Affirmative action programs have been illegal in Washington for 21 years. Supporters and opponents will have to wait a few more days to learn whether that will change.
Washington voters were narrowly rejecting a move by the Legislature to allow some affirmative action programs as long as they aren’t the sole factor in awarding public jobs, contracts or college slots to applicants based on race, ethnicity, sex, sexual orientation, disability or veterans status.
While voters in Spokane and most other counties were rejecting the change by varying margins, heavy support in King County was keeping the proposal within a percentage point or two in the Tuesday night count.
“We knew it was going to be a close one,” said April Sims, co-chairwoman of the Washington Fairness Coalition. “If we continue to carry King County, that bodes really well.”
The ballot measure was the result of two different petition drives and a partisan vote in the closing days of the 2019 legislative session.
Since 1998, state law has banned most forms of affirmative action in state and local government employment, contracting and programs.
Last year, civil rights activists and other groups gathered signatures on Initiative 1000, which would allow affirmative action for different racial and ethnic groups, as well as for sex, gender orientation and veteran status, provided that wasn’t the sole reason for that decision. But it would ban “preferential treatment” – awarding jobs, contracts or programs just for status.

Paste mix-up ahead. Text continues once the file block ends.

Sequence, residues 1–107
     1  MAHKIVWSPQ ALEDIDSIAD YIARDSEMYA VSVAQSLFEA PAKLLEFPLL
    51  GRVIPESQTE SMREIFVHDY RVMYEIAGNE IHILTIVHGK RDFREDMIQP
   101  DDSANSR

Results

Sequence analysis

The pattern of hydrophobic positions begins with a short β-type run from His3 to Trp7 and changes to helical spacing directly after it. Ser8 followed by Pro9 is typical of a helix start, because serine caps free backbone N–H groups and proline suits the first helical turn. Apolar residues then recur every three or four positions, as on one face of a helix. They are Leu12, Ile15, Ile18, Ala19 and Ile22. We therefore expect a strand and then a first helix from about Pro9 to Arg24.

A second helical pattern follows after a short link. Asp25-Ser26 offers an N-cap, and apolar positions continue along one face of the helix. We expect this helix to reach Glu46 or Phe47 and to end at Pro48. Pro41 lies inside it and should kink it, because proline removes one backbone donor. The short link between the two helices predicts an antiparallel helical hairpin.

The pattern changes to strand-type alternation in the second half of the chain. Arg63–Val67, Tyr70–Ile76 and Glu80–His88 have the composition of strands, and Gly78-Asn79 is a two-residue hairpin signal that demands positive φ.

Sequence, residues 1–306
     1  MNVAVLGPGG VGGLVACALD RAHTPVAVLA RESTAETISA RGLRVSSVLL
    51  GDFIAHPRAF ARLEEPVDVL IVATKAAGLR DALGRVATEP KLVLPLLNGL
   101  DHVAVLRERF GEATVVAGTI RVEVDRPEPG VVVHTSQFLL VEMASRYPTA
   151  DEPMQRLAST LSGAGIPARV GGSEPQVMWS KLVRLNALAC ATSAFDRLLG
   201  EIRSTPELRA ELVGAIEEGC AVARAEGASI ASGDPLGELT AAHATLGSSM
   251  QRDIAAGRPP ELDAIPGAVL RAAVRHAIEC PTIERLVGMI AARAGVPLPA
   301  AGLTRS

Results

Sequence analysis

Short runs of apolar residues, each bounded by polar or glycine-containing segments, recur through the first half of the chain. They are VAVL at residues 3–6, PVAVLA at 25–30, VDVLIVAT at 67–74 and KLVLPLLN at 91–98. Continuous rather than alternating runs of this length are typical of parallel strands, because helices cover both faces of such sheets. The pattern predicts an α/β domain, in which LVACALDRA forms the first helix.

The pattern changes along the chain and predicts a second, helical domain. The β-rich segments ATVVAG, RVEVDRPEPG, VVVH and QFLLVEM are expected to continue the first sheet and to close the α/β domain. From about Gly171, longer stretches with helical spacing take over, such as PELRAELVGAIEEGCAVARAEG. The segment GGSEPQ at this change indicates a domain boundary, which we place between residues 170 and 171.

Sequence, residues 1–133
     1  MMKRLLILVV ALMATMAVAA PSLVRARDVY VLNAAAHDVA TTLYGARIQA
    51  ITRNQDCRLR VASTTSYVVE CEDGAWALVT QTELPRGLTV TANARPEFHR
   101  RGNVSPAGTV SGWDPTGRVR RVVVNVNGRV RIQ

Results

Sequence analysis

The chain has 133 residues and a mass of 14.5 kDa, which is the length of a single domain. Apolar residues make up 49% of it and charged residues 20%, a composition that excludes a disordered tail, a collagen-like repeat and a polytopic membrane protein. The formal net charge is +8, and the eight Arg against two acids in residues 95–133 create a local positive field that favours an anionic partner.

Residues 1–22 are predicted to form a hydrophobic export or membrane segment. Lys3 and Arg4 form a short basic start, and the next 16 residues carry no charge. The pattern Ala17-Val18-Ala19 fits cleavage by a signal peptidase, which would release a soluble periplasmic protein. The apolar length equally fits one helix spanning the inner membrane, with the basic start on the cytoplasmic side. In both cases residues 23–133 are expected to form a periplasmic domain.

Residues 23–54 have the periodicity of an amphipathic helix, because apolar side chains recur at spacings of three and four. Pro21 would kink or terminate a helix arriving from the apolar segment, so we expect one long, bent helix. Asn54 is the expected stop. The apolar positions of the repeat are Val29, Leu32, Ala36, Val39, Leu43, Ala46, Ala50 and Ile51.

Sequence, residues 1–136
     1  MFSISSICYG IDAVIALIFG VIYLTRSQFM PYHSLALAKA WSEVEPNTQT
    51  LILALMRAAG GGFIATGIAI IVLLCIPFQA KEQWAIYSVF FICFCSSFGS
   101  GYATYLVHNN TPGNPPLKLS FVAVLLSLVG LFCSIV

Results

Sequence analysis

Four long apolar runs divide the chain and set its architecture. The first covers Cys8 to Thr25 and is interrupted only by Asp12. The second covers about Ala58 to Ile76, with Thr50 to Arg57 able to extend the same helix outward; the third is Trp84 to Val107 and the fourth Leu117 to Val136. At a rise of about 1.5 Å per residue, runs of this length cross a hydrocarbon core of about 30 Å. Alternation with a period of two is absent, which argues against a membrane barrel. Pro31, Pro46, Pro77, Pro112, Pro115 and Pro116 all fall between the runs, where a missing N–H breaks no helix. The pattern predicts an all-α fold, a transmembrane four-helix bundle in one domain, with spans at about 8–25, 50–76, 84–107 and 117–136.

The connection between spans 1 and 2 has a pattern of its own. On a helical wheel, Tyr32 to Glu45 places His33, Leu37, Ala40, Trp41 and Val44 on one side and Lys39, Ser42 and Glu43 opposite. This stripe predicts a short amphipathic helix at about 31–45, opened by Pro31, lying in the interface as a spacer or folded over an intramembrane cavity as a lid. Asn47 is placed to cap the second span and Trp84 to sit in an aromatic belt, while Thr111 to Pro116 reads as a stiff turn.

I-1000 was an initiative to the Legislature, which had the option of passing it into law or sending it to the ballot. In the closing hours of the final day, with opponents chanting outside the chambers they would vote them out, lawmakers passed it on a mostly party-line vote.
Opponents almost immediately filed Referendum 88 and in three months collected the necessary signatures, blocking it from taking effect until voters had a chance to weigh in.
Because it was a referendum on an approved law, Referendum 88 set up a somewhat confusing option. People who signed I-1000 or supported affirmative action were asked to vote “approved,” while those who signed Referendum 88 or wanted the law off the books were asked to vote “rejected.”
The campaign organization that sponsored the I-1000 petition drive had the support of three former governors – Republican Dan Evans and Democrats Gary Locke and Christine Gregoire – as well as current Gov. Jay Inslee.
But the campaign ran into controversy for not paying some $1 million owed to companies that hire signature gatherers, and a separate campaign organization sprung up in an effort to sidestep the controversy. It received $550,000 from Group Health Community Foundation, $115,000 from the Service Employees International Union Initiative fund and $94,000 from ACLU of Washington.
The Referendum 88 campaign relied heavily on donations from the Chinese American community. In the closing days, they received some financial help from longtime conservative sources, including $50,000 from developer Kemper Freeman and $20,000 from former cellular phone executive Bruce McCaw.
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